Comparative grammatical confusion

One grammatical issue that kinda bugs me is when people state that action B is “[x] times [more/less of something] than” action A. For example, a person might say that Vehicle B is moving “three times faster” than Vehicle A. What the speaker actually means is that the second vehicle is moving at three times the speed of the first vehicle. For example, one horsedrawn carriage might be traveling at five miles per hour while a bicycle might be traveling at three times that speed, meaning 15 miles per hour. Thus, the communicator should have used the phraseology “three times as fast.” But unfortunately, the speaker clearly took no effort to articulate his message accurately, so he wound up implying that the bicycle was actually going four times the speed of the slower vehicle (i.e., twenty miles per hour).

If you play your music “one time louder” than I play my music, that obviously does not mean you are playing the music at the same volume. Rather, if you are playing “one time louder” than me, that must mean you are actually be playing twice as loudly. Hence, “two times louder” would mean three times as loudly, and “three times louder” would mean four times as loudly. The same goes for vehicular speed, and the same principle applies for any comparative adverb or adjective.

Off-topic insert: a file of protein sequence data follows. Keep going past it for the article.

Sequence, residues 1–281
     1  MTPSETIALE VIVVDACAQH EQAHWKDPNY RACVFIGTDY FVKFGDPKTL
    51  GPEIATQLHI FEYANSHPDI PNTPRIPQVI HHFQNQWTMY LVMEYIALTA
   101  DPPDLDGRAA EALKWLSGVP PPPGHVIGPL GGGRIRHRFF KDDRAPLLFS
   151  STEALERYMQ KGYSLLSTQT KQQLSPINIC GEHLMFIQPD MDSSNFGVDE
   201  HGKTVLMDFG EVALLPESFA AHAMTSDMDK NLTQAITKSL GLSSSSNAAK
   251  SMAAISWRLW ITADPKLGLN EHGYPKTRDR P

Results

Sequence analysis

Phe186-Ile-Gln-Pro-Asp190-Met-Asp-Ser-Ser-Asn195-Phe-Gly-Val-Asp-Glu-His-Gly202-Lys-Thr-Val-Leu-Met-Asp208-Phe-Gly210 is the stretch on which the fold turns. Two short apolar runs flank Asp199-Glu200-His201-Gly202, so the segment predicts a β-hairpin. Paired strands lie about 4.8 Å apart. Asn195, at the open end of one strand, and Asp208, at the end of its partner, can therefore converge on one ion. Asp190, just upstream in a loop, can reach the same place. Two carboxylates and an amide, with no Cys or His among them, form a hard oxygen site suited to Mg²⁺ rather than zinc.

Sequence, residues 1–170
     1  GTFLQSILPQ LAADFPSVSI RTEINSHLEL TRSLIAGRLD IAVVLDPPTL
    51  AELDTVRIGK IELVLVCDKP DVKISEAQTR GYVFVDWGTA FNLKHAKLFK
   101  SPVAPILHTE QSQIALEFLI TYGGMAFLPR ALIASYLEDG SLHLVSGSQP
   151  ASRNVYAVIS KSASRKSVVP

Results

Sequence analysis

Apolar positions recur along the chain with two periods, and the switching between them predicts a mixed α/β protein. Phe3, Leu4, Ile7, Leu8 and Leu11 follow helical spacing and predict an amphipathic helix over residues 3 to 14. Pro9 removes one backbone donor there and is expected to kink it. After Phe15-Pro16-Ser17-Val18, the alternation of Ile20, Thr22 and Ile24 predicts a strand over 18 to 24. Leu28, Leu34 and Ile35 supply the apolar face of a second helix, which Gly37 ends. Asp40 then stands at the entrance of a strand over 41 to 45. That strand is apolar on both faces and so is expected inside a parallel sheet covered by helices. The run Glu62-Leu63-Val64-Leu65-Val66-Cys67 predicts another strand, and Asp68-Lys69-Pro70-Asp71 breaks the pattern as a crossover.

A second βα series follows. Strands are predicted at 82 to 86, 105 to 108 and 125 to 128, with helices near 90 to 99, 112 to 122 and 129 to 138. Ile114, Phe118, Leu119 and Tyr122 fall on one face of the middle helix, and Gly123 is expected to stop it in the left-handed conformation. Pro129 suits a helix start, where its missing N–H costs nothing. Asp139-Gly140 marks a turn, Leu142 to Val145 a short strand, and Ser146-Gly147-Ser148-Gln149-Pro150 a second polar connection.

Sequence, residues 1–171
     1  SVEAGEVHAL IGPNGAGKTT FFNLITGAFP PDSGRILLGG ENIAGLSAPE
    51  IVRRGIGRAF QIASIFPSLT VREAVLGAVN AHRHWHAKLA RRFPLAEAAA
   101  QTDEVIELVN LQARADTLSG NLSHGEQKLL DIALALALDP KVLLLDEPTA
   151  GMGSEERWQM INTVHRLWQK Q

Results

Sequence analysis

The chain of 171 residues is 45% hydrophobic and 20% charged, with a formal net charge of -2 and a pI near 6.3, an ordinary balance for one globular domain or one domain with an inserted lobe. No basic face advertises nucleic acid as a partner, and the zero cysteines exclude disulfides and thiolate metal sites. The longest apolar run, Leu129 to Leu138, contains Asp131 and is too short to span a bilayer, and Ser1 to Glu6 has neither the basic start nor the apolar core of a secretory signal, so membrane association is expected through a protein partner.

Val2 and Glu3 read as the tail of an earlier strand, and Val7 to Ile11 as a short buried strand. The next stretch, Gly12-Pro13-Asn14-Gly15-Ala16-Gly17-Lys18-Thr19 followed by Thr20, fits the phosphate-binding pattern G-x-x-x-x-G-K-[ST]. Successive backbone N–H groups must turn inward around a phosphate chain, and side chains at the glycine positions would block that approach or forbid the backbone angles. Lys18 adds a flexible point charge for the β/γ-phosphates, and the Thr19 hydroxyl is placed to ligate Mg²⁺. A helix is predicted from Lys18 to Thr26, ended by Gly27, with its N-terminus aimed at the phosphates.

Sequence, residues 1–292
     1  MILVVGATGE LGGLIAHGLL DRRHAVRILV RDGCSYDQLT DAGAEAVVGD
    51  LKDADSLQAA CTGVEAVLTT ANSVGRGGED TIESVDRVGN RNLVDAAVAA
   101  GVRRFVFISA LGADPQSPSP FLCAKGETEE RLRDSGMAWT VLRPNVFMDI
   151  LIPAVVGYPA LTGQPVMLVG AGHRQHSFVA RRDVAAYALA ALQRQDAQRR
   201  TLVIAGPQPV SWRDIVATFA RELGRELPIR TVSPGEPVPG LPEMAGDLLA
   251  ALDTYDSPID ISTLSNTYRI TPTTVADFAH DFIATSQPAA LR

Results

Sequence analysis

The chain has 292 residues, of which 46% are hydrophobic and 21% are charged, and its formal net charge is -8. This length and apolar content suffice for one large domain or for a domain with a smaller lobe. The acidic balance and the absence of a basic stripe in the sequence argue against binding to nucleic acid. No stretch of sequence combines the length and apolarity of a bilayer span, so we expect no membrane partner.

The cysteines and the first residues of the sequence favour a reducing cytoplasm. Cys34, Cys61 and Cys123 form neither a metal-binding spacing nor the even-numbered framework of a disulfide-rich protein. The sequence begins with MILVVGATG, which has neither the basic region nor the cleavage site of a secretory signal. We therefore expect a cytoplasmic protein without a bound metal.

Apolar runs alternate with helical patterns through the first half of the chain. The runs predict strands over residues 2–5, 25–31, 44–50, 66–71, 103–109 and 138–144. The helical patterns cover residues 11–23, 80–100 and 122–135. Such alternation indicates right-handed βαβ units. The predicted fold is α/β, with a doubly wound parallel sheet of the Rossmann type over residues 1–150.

And don’t even get me started about phrases like “three times slower.” What in the world could that possibly mean? If an object was moving one time (100%) slower, that would presumably mean that the object was not moving slowly, but was in fact stopped altogether! So if something is three times slower, is the object moving at negative speed? (And unless you are referring to vectors, which describe direction, then negative speed is obviously impossible.) If a guest lecturer speaks “two times slower” than your professor normally talks, doesn’t that mean that he is speaking at a negative rate and that his lecture never ends??

Anyway, the instance that recently brought this matter to my attention was the claim that Justin Bieber’s songs sound better when they are “slowed down 800%.” I don’t think the communicator actually means that we should play Bieber’s songs backwards, so I imagine the song is actually slowed down 89% — down to one ninth its normal speed. But who knows exactly what the person means. He is in fact correct about one thing, though:  Justin Bieber does sound better this way.


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